setpgid() - Unix, Linux System Call
setpgid, getpgid, setpgrp, getpgrp - set/get process group
int setpgid(pid_t pid, pid_t pgid);
pid_t getpgid(pid_t pid);
setpgid() sets the process group ID of the process specified by
pid is zero, the process ID of the current process is used. If
pgid is zero, the process ID of the process specified by
pid is used. If setpgid() is used to move a process from one process
group to another (as is done by some shells when creating pipelines),
both process groups must be part of the same session. In this case,
the pgid specifies an existing process group to be joined and the
session ID of that group must match the session ID of the joining process.
getpgid() returns the process group ID of the process specified by
pid is zero, the process ID of the current process is used.
setpgrp() is equivalent to
getpgrp() is equivalent to
Each process group is a member of a session and each process is a
member of the session of which its process group is a member.
Process groups are used for distribution of signals, and by terminals to
arbitrate requests for their input: Processes that have the same process
group as the terminal are foreground and may read, while others will
block with a signal if they attempt to read.
These calls are thus used by programs such as
to create process groups in implementing job control. The
TIOCSPGRP calls described in
are used to get/set the process group of the control terminal.
If a session has a controlling terminal, CLOCAL is not set and a hangup
occurs, then the session leader is sent a SIGHUP. If the session leader
exits, the SIGHUP signal will be sent to each process in the foreground
process group of the controlling terminal.
If the exit of the process causes a process group to become orphaned,
and if any member of the newly-orphaned process group is stopped, then a
SIGHUP signal followed by a SIGCONT signal will be sent to each process
in the newly-orphaned process group.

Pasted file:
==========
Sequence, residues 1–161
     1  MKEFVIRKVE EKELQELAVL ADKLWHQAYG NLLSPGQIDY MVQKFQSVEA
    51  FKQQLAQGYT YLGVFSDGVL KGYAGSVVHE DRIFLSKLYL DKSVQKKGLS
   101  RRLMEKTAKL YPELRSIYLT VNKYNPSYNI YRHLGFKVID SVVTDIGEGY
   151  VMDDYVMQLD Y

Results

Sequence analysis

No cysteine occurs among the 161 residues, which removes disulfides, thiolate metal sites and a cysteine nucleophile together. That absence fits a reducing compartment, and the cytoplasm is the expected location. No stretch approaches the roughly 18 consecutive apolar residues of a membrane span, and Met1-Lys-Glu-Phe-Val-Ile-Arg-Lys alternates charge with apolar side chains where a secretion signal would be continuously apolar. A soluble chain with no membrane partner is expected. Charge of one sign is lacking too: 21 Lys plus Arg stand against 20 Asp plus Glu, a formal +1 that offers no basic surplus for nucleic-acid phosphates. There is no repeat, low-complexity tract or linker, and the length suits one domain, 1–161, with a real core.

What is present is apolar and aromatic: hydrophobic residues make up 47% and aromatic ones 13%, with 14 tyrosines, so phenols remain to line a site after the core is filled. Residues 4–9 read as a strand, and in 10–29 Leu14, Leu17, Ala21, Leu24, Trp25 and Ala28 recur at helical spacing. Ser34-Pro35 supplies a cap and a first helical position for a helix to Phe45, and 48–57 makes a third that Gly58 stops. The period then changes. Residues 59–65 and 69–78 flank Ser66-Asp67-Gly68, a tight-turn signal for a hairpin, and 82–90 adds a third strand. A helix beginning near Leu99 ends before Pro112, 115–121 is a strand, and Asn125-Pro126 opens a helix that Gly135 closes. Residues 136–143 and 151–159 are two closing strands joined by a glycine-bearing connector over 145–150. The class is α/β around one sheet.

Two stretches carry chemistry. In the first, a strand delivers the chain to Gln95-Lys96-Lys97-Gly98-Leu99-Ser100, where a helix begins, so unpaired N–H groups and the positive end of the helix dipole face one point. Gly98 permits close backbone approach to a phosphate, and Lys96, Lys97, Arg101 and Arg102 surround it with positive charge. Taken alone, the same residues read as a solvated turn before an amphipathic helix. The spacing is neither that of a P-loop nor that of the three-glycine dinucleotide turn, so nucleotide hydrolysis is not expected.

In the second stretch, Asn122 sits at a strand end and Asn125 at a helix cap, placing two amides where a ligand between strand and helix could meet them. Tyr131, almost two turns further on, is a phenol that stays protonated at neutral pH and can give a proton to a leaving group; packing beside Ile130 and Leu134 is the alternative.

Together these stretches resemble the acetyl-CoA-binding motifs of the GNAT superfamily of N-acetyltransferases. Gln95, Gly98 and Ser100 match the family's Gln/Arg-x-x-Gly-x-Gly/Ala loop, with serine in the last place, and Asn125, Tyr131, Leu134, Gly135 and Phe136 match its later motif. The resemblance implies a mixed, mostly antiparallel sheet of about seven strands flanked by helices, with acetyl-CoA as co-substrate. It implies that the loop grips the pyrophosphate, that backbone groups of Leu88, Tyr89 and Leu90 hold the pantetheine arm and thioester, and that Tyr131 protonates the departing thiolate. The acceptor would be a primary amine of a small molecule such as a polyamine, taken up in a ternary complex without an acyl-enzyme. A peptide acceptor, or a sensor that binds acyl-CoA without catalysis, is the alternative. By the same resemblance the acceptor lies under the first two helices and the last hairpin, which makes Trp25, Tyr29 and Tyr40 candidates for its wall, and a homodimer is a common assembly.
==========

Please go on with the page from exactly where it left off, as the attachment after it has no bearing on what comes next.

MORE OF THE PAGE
setpgrp() return zero. On error, -1 is returned, and
errno is set appropriately.
getpgid() returns a process group on success.
On error, -1 is returned, and
errno is set appropriately.
getpgrp() always returns the current process group.
An attempt was made to change the process group ID
of one of the children of the calling process and the child had
already performed an execve()
pgid is less than 0
An attempt was made to move a process into a process group in a
different session, or to change the process
group ID of one of the children of the calling process and the
child was in a different session, or to change the process group ID of
a session leader
getpgid(): pid does not match any process.
setpgid(): pid is not the current process and not a child of the current process.
getpgrp() conform to POSIX.1-2001.
setpgrp() is from 4.2BSD.
getpgid() conforms to SVr4.
A child created via
inherits its parents process group ID.
The process group ID is preserved across an
setpgid() from the BSD function
setpgrp(). Also System V has a function with the same name, but it is identical to
To get the prototypes under glibc, define both _XOPEN_SOURCE and
_XOPEN_SOURCE_EXTENDED, or use "#define _XOPEN_SOURCE n"
for some integer n larger than or equal to 500.